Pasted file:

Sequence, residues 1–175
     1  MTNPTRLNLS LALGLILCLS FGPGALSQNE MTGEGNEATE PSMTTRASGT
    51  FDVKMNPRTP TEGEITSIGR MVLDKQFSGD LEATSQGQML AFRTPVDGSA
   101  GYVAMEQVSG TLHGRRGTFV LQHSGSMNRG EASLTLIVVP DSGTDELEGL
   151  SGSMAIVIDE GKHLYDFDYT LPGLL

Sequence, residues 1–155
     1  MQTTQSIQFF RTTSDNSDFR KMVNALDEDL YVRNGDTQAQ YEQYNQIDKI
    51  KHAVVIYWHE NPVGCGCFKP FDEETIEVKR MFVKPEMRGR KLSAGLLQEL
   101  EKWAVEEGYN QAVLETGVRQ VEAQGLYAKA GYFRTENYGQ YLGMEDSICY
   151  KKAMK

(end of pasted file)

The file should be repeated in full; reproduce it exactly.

Sequence, residues 1–175
     1  MTNPTRLNLS LALGLILCLS FGPGALSQNE MTGEGNEATE PSMTTRASGT
    51  FDVKMNPRTP TEGEITSIGR MVLDKQFSGD LEATSQGQML AFRTPVDGSA
   101  GYVAMEQVSG TLHGRRGTFV LQHSGSMNRG EASLTLIVVP DSGTDELEGL
   151  SGSMAIVIDE GKHLYDFDYT LPGLL

Sequence, residues 1–155
     1  MQTTQSIQFF RTTSDNSDFR KMVNALDEDL YVRNGDTQAQ YEQYNQIDKI
    51  KHAVVIYWHE NPVGCGCFKP FDEETIEVKR MFVKPEMRGR KLSAGLLQEL
   101  EKWAVEEGYN QAVLETGVRQ VEAQGLYAKA GYFRTENYGQ YLGMEDSICY
   151  KKAMK